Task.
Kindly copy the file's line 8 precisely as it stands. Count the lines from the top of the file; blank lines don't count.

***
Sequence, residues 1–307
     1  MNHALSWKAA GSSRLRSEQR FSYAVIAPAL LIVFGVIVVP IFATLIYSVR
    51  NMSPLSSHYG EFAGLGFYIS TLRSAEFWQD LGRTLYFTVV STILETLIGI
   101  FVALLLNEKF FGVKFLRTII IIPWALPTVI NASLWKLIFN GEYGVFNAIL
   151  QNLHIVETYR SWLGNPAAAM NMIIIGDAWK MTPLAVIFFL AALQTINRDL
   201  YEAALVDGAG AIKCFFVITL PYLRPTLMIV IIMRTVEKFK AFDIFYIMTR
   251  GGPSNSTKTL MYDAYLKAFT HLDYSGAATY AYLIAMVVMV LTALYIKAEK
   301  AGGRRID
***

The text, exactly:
   301  AGGRRID